On the top are casein bubbles. The bottom is watercolor. Adding in white highlights with casein almost seems like cheating after the effort it takes preserving white paper when painting with watercolor.
All of these are painted in my 3.5″x5″ Pentalic sketchbook or on 4″x6″ postcards from a block of Fluid 140 lb. cards. The second set and the farm scenes were painted en plain air.
Here’s the only casein painting I’ve done recently. It’s also 4″x6″ and on a postcard block of 300 lb. paper by Fluid.
No casein this week, but I’ve painted watercolor en plein air (3.5″x5″):
I’ve also painted in my 9″x12″ journal quite a bit over the past week. This one I did en plein air:
The one on the left was done in a very dimly-lit room while a storm rolled in. I find the colors strange and moody:
This is based on a picture my husband took:
And here are four seasons:
I ordered the color theory six pack of Richeson casein, even though it included orange and violet, two colors I can mix. The other four colors made the price a bargain, since purchasing each tube individually would run nearly double the cost. Those four colors are Shiva phthalo green, ultramarine blue, cad yellow, and rose red.
The wonder of mixing greens! Plus, my all-time favorite color is probably ultramarine blue. So, now I have two blues, yellows, and reds. Those, plus white, black, orange, and violet, will keep me happy for a long time.
Here’s an older journal page with the original James Gurney six pack. You can see how many shades of green I achieved with all variations of yellow ochre, cobalt blue, raw umber, and white.
This is a barn I’ve painted in watercolor twice before. The beautiful, old silo has been removed since the last one.
Playing around with little 3.5″x5″ pages in my Pentalic journal. There’s everything from lifting color to painting from a photo to a few cluttered-but-energetic plein air sketches. While painting an old bluebird house by a pond, a fawn trotted right by me. I was holding so still, it took awhile for the fawn to realize I was a human, not a post or tree. And away it ran!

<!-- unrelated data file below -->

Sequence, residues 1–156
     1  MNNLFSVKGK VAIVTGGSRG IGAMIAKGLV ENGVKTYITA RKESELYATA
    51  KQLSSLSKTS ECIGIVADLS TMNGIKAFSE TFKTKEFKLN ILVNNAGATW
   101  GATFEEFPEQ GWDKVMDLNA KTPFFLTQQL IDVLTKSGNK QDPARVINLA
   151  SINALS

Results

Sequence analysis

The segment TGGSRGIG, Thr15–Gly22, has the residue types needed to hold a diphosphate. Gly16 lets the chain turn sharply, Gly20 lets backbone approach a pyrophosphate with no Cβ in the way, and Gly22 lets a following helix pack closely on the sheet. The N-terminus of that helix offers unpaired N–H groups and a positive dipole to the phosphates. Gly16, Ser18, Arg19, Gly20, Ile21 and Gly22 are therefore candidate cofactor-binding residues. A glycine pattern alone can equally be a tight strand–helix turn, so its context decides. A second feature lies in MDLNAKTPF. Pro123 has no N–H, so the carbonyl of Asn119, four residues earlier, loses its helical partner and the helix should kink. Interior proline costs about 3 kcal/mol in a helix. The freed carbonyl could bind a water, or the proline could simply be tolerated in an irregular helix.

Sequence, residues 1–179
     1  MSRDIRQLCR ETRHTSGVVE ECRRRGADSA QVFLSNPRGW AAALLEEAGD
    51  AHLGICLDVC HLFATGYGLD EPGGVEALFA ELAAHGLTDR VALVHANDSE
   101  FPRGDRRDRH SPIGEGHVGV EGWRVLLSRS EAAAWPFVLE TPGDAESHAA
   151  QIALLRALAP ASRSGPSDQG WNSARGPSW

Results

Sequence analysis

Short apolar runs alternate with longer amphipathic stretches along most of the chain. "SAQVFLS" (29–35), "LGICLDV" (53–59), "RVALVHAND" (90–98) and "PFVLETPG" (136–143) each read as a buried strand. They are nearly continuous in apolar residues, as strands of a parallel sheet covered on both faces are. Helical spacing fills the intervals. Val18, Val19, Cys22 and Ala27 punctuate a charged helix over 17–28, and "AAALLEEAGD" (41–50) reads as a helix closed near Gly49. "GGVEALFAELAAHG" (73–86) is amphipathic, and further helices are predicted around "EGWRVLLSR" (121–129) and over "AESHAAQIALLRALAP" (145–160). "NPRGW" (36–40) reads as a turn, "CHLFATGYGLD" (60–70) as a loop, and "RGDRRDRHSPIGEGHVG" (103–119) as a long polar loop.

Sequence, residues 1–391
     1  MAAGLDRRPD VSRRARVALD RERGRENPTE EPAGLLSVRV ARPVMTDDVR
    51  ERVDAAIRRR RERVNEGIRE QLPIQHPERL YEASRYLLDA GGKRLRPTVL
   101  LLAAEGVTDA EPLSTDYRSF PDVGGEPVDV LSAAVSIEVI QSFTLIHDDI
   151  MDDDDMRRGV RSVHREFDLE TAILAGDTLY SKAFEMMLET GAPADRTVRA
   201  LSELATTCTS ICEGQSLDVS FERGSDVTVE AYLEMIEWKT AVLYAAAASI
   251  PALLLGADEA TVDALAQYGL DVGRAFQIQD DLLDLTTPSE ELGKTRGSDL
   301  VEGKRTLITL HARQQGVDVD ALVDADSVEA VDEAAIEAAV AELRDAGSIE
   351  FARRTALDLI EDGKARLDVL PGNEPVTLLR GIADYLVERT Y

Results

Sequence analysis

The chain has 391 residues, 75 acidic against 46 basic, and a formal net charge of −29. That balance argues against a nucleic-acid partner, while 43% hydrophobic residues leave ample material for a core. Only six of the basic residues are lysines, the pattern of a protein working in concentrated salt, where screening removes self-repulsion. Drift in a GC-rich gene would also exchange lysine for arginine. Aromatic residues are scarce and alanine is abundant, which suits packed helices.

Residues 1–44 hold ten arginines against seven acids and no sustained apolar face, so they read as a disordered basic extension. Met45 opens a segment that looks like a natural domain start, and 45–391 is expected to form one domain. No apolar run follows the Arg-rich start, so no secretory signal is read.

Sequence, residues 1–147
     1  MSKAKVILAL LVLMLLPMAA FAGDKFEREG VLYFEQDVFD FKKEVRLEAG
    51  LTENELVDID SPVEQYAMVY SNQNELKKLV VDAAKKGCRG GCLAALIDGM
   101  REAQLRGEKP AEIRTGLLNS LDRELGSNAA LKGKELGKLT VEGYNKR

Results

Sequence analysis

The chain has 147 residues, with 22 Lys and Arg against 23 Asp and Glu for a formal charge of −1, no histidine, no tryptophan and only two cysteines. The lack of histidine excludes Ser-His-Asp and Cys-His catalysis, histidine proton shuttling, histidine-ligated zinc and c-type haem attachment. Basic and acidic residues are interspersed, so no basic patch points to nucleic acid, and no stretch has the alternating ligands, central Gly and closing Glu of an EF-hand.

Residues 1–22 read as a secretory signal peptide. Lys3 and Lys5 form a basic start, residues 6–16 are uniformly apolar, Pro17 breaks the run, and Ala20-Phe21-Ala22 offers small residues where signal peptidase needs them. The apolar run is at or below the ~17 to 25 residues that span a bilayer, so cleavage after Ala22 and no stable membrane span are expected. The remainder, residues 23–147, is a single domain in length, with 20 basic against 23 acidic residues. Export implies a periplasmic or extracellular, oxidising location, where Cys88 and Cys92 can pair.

This one reminds me of an old-fashioned postcard.
I painted this little blue lock-and-dam house in casein from a photo I took. I’m finding that painting in lighter washes is helpful when it comes to blending, but my white highlights are very heavy. Also, using a ruler would certainly be advisable with all of those straight lines. There’s a healthy dose of artistic interpretations in the architectural details.
Still trying to figure out how casein works, I decided to plunge in and paint a few Bob Ross landscapes. I’m trying to figure out how to achieve some realistic landscapes, and right now, they are blocky with few soft edges. I’m using the James Gurney six-pack of Richeson casein: titanium white, ivory black, Venetian red, yellow ochre, cobalt blue, and raw umber. Trying to mix green has been a struggle. Cobalt blue is cheerful and bright, and yellow ochre is brownish and dull. There are numerous shades of green in there, especially when adding in white and raw umber, but it’s challenging.
Also, I purchased some synthetic brushes (Simply Simmons) to use only with casein as I’ve read it can be super hard on brushes. You can see how I’m attempting to use a fan brush, something new for me–yikes! Something I’m really pleased with is the old-fashioned, matte look casein has when it dries. It’s so unique.